This week Mexican journalist and author Elena Poniatowska became the fourth woman, first Mexican woman, and fifth Mexican to win the highest literary honor in the Spanish-speaking world, the 2013 Cervantes Prize (Premio Cervantes).
She is recognized for her lifelong career as a journalist, essayist, novelist and poet whose work addresses Mexican socio-political movements and themes, many focusing on history and the disenfranchised and poor.
In our collection, we have these titles in English:
- Massacre in Mexico (La noche de Tlatelolco) which exposed the 1968 massacre of 325 unarmed students protesting police repression in the Plaza de las Tres Culturas in the Tlatelolco area of Mexico City, one week prior to the 1968 Olympics.
- Here's to You, Jesusa! (Hasta no verte, Jesús Mío in Obras reunidas II: Novelas I), Poniatowska's best-known novel which recounts the life of a woman born in Oaxaca in the early 1900s, from early losses as a child through her work as a maid and then as one of the many soldaderas, women soldiers in the Mexican Revolution. The novel serves as a lens through which to view the immense changes that took place in 20th century Mexico.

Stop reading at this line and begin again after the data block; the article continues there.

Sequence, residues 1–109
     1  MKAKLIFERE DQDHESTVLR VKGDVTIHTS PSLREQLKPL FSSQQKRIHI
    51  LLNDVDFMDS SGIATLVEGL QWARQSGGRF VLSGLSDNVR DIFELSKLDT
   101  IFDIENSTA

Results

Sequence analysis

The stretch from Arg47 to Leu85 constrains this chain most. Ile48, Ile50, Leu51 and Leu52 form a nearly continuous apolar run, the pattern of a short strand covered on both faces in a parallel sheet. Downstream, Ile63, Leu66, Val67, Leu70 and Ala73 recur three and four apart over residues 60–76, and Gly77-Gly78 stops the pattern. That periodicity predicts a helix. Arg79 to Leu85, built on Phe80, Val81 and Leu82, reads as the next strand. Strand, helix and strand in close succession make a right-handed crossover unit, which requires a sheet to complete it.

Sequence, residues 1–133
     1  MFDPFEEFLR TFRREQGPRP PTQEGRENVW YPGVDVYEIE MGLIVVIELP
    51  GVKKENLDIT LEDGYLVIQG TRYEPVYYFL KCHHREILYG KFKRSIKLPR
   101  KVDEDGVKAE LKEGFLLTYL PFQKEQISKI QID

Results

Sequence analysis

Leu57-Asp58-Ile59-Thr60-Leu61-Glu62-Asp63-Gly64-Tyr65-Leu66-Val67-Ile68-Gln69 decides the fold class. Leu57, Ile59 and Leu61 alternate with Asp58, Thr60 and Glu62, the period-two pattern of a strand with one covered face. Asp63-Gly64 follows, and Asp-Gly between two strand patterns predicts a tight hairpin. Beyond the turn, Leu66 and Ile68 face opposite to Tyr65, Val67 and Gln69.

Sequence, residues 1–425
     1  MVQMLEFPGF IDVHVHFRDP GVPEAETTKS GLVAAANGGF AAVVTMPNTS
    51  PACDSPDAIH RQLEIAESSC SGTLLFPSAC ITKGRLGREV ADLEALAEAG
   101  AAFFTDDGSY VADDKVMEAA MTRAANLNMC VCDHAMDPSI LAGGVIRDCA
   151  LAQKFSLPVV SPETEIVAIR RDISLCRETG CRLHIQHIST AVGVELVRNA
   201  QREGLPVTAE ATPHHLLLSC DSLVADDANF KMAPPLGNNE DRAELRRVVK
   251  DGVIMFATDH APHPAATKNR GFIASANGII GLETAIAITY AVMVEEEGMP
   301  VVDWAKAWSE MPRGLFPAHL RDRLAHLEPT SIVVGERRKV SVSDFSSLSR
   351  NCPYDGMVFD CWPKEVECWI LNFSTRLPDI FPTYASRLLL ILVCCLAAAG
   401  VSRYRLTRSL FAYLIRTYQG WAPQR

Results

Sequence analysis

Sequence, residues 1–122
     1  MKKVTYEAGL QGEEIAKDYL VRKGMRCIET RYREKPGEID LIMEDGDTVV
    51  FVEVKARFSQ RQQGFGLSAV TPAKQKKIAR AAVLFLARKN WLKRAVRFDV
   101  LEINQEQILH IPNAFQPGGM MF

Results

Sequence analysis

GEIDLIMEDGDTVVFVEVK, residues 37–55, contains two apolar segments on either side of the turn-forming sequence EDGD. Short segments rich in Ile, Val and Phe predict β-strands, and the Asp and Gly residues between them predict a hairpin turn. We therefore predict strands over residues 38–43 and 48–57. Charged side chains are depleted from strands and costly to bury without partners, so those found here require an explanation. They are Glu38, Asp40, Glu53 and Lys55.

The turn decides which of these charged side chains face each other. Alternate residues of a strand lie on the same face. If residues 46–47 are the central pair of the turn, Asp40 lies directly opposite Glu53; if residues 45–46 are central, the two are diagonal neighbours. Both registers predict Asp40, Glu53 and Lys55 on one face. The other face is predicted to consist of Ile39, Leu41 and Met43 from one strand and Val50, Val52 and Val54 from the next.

- The Skin of the Sky (La piel del cielo), winner of the Premio Alfaguara in 2001, a story of a Mexican astronomer, a man caught between traditional Mexico and the movement of the country into a modern era.
- Dear Diego (Querido Diego, te abraza Quiela in Obras reunidas I: Narrativa breve) a fictional account of Mexican muralist Diego Rivera's relationship with his first wife, the Russian painter Angelina Beloff, as recreated from his letters.
- Tinisima, the story of the dramatic life of Tina Modotti, an Italian refugee and accomplished photographer who portrayed Mexico's working class in the 1920s, became a member of Mexico's Communist Party and was eventually deported--fleeing to the U.S.S.R.
- Guerrero Viejo: Essay Non-circulating Reference Item.
As a winner of the Cervantes Prize, she is in illustrious company, joining Mexican writers Carlos Fuentes, José Emilio Pacheco, Octavio Paz, and Sergio Pitol, plus other Cervantes Prize-winning notables of Spanish-language letters.